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Classroom Guidance Lesson- RESPECT

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Jessica Wilder

on 15 November 2012

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Transcript of Classroom Guidance Lesson- RESPECT

Jessica Wilder, Selina Snider, Cayla McMichael Classroom Guidance Lesson- Respect Respect for Authority Figures Respect for your Friends Purpose: Student will get a chance to practice effective listening and model positive and negative listening skills. Students will be able to identify positive listening procedures. Respect for Self Grade level: 4

Unit topic: Respect

General objectives and goals: To give participating students in each 4th grade class an appropriate understanding of respect for authority figures, respect for peers, and respect for yourself.

Lesson format: Each lesson will take approximately 30 minutes. The entire unit will be covered in 3 bi-weekly sessions. Classroom Guidance Unit Format RESPECT- Find out what it means to me Pretest Post-test Respect for Self, Grade 4- lesson plan

1.Purpose and objectives. The purpose of this lesson is to explore the importance of self-respect, self-esteem, and a positive sense of well-being, and to show students how this is equally as important as showing respect to your friends and teachers. 2.Stimulus activity: “In and Out”

Counselor compiles a list of different talents and character traits, for example, “I play an instrument” or “I am the oldest child”. Students form a circle and step into the center of the circle when something that is listed is true for them, and the rest of the circle applauds. 3.Content-level discussion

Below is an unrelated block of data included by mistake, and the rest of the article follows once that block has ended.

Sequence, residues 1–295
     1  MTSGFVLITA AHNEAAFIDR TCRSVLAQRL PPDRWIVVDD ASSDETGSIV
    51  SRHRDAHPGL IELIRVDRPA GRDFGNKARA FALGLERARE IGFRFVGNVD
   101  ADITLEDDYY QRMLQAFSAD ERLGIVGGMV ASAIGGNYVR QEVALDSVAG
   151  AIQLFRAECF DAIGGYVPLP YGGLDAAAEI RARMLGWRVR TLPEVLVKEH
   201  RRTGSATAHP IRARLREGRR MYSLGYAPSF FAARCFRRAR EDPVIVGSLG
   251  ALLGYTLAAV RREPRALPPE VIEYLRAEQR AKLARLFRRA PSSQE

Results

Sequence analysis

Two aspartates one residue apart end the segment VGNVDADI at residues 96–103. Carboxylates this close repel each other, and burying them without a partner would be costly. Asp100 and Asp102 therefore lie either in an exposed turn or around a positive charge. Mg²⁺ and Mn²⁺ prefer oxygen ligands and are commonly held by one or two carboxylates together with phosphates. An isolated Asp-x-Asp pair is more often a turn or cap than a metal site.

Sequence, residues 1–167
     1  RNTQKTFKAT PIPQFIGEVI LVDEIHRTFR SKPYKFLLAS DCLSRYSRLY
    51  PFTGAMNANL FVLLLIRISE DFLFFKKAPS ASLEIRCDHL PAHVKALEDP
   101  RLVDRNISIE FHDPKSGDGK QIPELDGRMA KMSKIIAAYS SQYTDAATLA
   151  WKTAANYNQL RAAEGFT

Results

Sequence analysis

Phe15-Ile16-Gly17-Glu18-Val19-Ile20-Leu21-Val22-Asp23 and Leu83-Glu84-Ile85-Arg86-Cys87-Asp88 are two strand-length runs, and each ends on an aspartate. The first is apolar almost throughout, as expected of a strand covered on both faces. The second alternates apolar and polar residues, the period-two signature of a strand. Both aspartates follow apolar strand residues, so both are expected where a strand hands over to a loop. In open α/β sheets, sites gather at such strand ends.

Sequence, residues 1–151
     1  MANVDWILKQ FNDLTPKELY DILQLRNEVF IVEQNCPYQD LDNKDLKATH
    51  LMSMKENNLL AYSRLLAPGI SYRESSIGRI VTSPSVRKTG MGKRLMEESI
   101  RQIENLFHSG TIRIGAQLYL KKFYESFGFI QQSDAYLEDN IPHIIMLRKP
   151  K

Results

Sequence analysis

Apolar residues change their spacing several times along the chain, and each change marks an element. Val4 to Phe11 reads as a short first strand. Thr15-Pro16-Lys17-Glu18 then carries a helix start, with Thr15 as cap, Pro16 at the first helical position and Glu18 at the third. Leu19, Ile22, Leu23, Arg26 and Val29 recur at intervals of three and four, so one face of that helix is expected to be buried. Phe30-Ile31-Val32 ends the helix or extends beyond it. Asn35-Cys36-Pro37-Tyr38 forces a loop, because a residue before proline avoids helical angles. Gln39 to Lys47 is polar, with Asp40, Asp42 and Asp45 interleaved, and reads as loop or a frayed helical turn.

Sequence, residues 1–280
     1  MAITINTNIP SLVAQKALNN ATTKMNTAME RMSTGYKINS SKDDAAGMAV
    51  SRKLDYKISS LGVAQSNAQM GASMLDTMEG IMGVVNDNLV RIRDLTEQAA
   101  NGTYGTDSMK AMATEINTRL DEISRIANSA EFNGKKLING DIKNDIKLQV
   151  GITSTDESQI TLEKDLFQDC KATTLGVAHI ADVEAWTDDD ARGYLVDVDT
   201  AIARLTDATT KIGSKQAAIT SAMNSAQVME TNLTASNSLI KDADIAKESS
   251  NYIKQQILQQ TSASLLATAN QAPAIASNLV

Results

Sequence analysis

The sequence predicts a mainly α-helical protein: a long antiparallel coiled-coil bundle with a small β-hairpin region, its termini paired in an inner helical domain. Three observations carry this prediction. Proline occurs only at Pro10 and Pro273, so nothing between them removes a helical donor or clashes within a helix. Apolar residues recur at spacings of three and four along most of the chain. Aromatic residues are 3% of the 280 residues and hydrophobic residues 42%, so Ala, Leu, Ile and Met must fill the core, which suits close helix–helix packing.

Activity: Give each student a piece of paper, have the people at the students’ tables/desk clusters write positive attributes about each other. The counselor leads the group in a discussion of differences, and how each individual should appreciate their differences, because that makes them who they are. Remember, the important part of a person is what they are like on the inside.

Questions for discussion:
1.Do you ever compare yourself to other people? What do you think is good or bad about comparing yourself to someone else?
2.How do you feel when you accomplish something special? 4.Personal-level discussion

Discuss the following questions:
1.When have you made a difference to someone else by being thoughtful or kind?
2.We should take pride in things we do well. What is something that you do well and feel proud of?
3.What makes people feel good about themselves? 5. Closure

Process the lesson and allow time for questions. Invite 3 students to the front of the class to share the attributes other people wrote about them in the content-level activity. 1. Purpose:
The student will be able to identify authority figures/adults in their lives
Students will be able to list ways to show these adults respect. 2. Procedure: Flip book
How to create book
Name off authority figures
Label and draw them
Create list of ways to show respect to them 3. Content- level Discussion:
Share some adults they listed
Share how they would show them respect
Themes for showing respect to adults that emerged 4. Personal-level Discussion:
Examples of times they didn't respect an adult
What happened? Did it work?
Examples times they did respect an adult
What happened? Did it work? 5. Closure:
Review ways to respect authority figures presented in flip books. List off a few.